COMMUNIST GRIP TIGHTENS IN THE DUMA
Publication: Prism Volume: 2 Issue: 4
Communist Grip Tightens in the Duma
By Andrei Zhukov
The forecasts made by analysts that the parliamentary elections would not dramatically alter the balance of political forces have not been borne out. The first meetings of the new Duma have demonstrated that the left-wingers (comprised of the KPRF and those deputy groups which sympathize with the Communists) can easily enact their proposals. Moreover, the Duma has been turned into a Communists stronghold and the real question is whether the reds and pinks will be able to turn the parliament into their headquarters for the upcoming presidential elections. In addition, the elections to the Duma have started a process of restructuring within Russia’s political spectrum. The outside parties are sinking into oblivion: The majority of them (with the sole exception, perhaps, of Russia’s Democratic Choice) will apparently "die" before the next presidential elections. A political restructuring has also begun within the State Duma. The first month of the Duma’s performance revealed the existence of two large coalitions within the parliament: The deputies who are members of "Russia is Our Home," the LDPR and the "Russian Regions" group, which is composed of deputies elected from single mandate districts, supported Ivan Rybkin for speaker while the Communists and their sympathizers from "Narodovlastie" and the Agrarian Group, which are also composed of deputies elected from single mandate districts, supported Communists Gennady Seleznev. The latter has won. The position of the Yabloko faction (they nominated Vladimir Lukin for Speaker) only helped the Communists nominee to win.
The KPRF has won the top posts in ten committees and the Mandate Commission. Meanwhile, the Yabloko faction has also considerably increased its influence. Despite being not very large in number the latter faction has managed to win top posts in four committees, including such significant committees as the Budget Committee and the Committee for Foreign Affairs. The "Narodovlastie" group (with the support of the Communists) has also taken a committee under her control; this committee is led by Georgy Kostin who is a KPRF appointee. At the same time the LDPR has acquired control of the same four committees this party had controlled in the former Duma. Of the four committees taken over by "Russia is Our Home" only two, the Committee on Defense and the Committee on Privatization, can be regarded as significant.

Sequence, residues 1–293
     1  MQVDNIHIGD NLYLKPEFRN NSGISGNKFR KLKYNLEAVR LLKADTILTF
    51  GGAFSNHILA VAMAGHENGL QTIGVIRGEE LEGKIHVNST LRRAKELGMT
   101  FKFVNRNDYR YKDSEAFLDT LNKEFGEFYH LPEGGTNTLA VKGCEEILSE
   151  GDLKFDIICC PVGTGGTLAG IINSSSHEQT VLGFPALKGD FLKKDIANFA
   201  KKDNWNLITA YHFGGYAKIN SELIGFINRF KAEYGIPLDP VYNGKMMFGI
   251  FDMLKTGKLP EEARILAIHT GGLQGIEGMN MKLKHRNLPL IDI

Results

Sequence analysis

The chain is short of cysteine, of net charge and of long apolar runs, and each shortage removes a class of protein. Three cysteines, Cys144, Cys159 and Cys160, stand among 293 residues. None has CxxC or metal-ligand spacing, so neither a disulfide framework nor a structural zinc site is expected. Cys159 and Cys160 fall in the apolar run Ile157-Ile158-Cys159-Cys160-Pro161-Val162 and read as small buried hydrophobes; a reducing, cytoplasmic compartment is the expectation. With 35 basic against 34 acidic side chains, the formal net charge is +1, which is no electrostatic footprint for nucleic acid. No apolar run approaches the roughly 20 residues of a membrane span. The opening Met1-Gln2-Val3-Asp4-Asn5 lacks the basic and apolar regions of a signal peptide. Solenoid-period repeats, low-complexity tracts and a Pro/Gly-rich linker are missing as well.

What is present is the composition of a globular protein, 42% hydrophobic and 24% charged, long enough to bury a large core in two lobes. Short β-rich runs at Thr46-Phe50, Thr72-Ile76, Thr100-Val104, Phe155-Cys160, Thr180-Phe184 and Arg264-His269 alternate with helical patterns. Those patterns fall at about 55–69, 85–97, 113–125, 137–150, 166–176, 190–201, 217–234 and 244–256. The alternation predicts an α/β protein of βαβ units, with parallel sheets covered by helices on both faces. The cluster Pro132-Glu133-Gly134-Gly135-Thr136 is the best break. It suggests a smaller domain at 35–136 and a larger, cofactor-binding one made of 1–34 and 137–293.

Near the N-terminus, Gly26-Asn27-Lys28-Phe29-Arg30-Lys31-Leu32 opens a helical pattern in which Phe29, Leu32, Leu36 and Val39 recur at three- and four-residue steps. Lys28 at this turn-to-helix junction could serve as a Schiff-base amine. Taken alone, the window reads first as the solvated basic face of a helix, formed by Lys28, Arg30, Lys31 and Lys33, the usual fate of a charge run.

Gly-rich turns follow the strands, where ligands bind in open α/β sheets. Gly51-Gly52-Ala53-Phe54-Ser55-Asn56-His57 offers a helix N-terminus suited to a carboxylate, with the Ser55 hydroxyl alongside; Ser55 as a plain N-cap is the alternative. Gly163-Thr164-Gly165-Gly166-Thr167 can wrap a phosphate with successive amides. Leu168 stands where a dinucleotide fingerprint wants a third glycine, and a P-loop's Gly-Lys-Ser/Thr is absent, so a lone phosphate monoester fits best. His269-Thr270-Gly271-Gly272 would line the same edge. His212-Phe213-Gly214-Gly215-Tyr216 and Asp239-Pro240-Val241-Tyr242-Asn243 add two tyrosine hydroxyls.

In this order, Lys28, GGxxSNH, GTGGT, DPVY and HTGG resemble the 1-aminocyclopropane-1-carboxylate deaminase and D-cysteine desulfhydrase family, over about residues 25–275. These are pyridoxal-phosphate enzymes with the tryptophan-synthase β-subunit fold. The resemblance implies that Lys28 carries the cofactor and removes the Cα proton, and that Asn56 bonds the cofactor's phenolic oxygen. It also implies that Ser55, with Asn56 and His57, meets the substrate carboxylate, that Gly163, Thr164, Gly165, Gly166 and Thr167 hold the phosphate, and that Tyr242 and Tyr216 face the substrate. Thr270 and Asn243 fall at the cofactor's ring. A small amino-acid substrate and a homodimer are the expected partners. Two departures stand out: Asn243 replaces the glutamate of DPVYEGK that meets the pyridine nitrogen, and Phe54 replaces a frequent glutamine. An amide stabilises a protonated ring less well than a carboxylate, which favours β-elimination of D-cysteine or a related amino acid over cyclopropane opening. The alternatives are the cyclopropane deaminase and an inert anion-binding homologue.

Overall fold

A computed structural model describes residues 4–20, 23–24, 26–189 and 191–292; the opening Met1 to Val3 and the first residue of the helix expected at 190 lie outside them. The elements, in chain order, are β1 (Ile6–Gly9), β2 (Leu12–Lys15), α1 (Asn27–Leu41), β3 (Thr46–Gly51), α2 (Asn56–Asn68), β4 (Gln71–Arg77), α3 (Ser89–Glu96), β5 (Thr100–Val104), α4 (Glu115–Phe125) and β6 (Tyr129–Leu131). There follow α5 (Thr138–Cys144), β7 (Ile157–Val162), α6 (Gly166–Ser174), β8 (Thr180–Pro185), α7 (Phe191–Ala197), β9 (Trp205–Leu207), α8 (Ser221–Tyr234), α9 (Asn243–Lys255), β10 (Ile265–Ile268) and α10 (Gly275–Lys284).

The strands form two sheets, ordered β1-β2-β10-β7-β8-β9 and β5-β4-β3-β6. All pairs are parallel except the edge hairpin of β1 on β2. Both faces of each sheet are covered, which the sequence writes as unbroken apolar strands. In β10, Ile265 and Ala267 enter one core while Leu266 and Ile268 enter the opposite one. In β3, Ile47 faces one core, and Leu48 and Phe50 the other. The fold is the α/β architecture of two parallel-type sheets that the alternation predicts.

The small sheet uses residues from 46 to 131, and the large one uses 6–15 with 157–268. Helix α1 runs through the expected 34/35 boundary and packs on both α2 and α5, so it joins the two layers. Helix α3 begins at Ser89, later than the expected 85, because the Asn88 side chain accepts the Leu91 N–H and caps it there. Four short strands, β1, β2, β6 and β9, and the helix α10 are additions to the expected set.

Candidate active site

Therefore, we obviously must conclude that two large forces have formed in the Duma. The first one comprises proponents of communism and strengthened statehood and includes the KPRF faction (149 deputies), the "Narodovlastie" group (37 deputies) and the Agrarian group (35 deputies). These people are fervent critics of the government course, demand that amendments be introduced in the constitution (in order to diminish the role of the president and the executive branch) and seek to revise a number of laws which provide for economic reforms in the country. The election of the speaker demonstrated that the three groups which form the pro-Communist flank (together with those "independent" deputies whom they have won over to their side) may gather a total of up to 230 votes. The Yabloko faction tends to support them. Speaking at a press conference recently Boris Yeltsin stated that Yabloko, proclaiming democratic ideas, has factually allied itself with the Communists. As a matter of fact, Yabloko’s appraisal of the current economic situation does not differ very much from that of the Communists. Moreover, sometimes Yabloko is even more radical. Suffice to say that the Yabloko faction has already made an attempt to have the question of "no confidence" in the government included in the agenda. However, this proposal was not supported by other oppositional factions of the Duma.
The coalition I am speaking about is consolidated not only by their common view of the present economic situation in the country but also by certain very practical considerations. The fact is that it was only thanks to the KPRF that "Narodovlastie" and the Agrarian group have managed to obtain official registration as parliamentary groups; the Communists have assigned some of their men to these groups. Thanks to the KPRF’s support, these groups have managed to have their representatives appointed to head three State Duma committees each and have received two deputy chairmanships. According to unofficial information, Yabloko also has its own pragmatic interest: The Communists have promised to support Grigory Yavlinsky in the second round of the Presidential elections if their own candidate fails.
The second large force present in the Duma can be called a "pro-government" coalition. This force comprises the "Russia is Our Home" faction (approximately 60 deputies), LDPR faction (approximately 60 deputies) and partially the "Russian Regions" group (approximately 40 deputies). The only idea that holds the above forces together is their aversion to communism and their support of the government (as a lesser evil compared to a Communist return to power).